Kids play with fire to learn how to burn

The Leader (Tasman) - - YOUR PAPER, YOUR PLACE - NINA HINDMARSH

A group of Golden Bay chil­dren are light­ing fires to learn about safety as part of their for­est pro­gramme.

Every week since the be­gin­ning of term two, chil­dren from Golden Bay Kin­der­garten walk to the nut for­est be­hind the Golden Bay Com­mu­nity Gar­dens and light a fire as part of their Te Nga­here [for­est] pro­gramme.

Te Nga­here is the kin­der­garten’s re­for­esta­tion and na­ture pro­gramme which has been run­ning for nearly three years.

The cen­tre is the only En­vi­roschool in Golden Bay to hold the GreenGold ti­tle, the high­est level of na­tional recog­ni­tion.

Marni Thompson, 4, said her favourite thing about the fire safety was roast­ing the yummy ap­ples on a stick.

‘‘What I learnt the most is stand­ing back [from the fire] when it’s get­ting big­ger.’’

Head Teacher Re­becca Ol­ney said the kin­der­garten had the idea to learn about fire safety in the leadup to their an­nual Matariki cel­e­bra­tion in the for­est, where they had a large fire pit.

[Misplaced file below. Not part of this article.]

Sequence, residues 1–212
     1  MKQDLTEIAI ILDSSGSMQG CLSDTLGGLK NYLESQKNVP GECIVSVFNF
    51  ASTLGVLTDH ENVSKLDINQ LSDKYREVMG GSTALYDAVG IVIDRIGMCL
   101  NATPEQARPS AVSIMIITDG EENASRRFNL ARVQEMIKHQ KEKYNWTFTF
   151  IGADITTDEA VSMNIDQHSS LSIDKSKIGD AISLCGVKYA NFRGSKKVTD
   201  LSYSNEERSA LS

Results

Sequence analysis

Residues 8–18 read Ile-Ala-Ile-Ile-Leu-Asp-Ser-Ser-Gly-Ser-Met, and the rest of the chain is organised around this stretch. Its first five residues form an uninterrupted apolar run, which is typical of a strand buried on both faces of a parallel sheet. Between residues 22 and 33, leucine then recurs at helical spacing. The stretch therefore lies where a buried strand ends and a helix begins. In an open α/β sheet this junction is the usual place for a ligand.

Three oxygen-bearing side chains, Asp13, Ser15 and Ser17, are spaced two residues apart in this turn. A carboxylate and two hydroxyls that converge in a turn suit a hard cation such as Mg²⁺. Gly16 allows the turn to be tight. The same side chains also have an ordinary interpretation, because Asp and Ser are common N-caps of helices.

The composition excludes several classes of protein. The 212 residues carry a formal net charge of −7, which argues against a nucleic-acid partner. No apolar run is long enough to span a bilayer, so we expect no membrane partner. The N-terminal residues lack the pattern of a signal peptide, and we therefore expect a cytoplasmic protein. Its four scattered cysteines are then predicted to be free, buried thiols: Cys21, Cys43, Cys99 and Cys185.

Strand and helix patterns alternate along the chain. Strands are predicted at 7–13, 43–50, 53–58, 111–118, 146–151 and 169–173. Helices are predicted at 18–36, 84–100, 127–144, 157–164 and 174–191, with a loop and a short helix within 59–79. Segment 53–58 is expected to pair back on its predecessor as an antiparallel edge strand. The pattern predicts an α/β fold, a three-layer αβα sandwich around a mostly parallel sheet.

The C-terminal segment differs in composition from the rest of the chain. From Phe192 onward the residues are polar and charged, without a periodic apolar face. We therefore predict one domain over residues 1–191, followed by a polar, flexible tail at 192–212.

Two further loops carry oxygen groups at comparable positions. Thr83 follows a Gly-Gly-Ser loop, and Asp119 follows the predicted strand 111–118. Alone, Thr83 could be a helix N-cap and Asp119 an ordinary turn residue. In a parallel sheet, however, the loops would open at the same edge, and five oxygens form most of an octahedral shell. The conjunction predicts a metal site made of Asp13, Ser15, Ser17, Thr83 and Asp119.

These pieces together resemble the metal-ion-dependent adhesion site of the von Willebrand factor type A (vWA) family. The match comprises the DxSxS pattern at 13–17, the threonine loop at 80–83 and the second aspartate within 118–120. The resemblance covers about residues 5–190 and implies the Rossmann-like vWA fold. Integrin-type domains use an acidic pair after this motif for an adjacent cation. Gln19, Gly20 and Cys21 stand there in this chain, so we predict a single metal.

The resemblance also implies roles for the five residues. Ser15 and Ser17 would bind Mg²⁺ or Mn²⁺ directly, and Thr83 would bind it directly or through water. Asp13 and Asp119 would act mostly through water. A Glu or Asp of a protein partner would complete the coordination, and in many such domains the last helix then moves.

The kin­der­garten had ap­plied for a fire per­mit and were vis­ited by a fire­fighter be­fore cre­at­ing a cir­cle to­gether with stones and col­lect­ing sticks and fire­wood for the fire, she said.

‘‘The chil­dren learn heaps, and we have been us­ing our re­sources like ap­ples and chest­nuts to roast on the fire.’’

Teacher Les­ley Hop­kins, who first es­tab­lished the Te Nga­here pro­gramme at the kin­der­garten, said the chil­dren were be­ing em­pow­ered to learn and re­spect the fire, by know­ing and un­der­stand­ing the risks of be­ing around it.

‘‘Through this di­rect experience they are gain­ing knowl­edge about the na­ture of an open flame. Within this safe and con­trolled en­vi­ron­ment, they are also learn­ing the nec­es­sary skills needed to keep them­selves safe.’’

She said the fire safety train­ing had nat­u­rally evolved in the Te Nga­here pro­gramme.

‘‘It’s a way that we can, every week, con­sis­tently go back to the same space and give the chil­dren an op­por­tu­nity to in­ter­act and con­nect with na­ture in the most mean­ing­ful way you can, which is by be­ing in it and learn­ing through their senses.’’

Over the years, Te Nga­here has seen the chil­dren clear­ing the bay trees and blackberry bushes and plant­ing na­tives.

‘‘We couldn’t even walk through [the for­est] when we first started, now there’s so much space. It’s on Maori land, and so orig­i­nally would have been low­land wet­land area and we are try­ing to rein­tro­duce the trees that used to be there.’’

PHOTO: NINA HINDMARSH/ FAIR­FAX

Play­ing with fire (from left): Hjaate MacInes; Lara Cuck­sey; Cait­lyn Page; Alazay Poole and Lola Zee­woldt.

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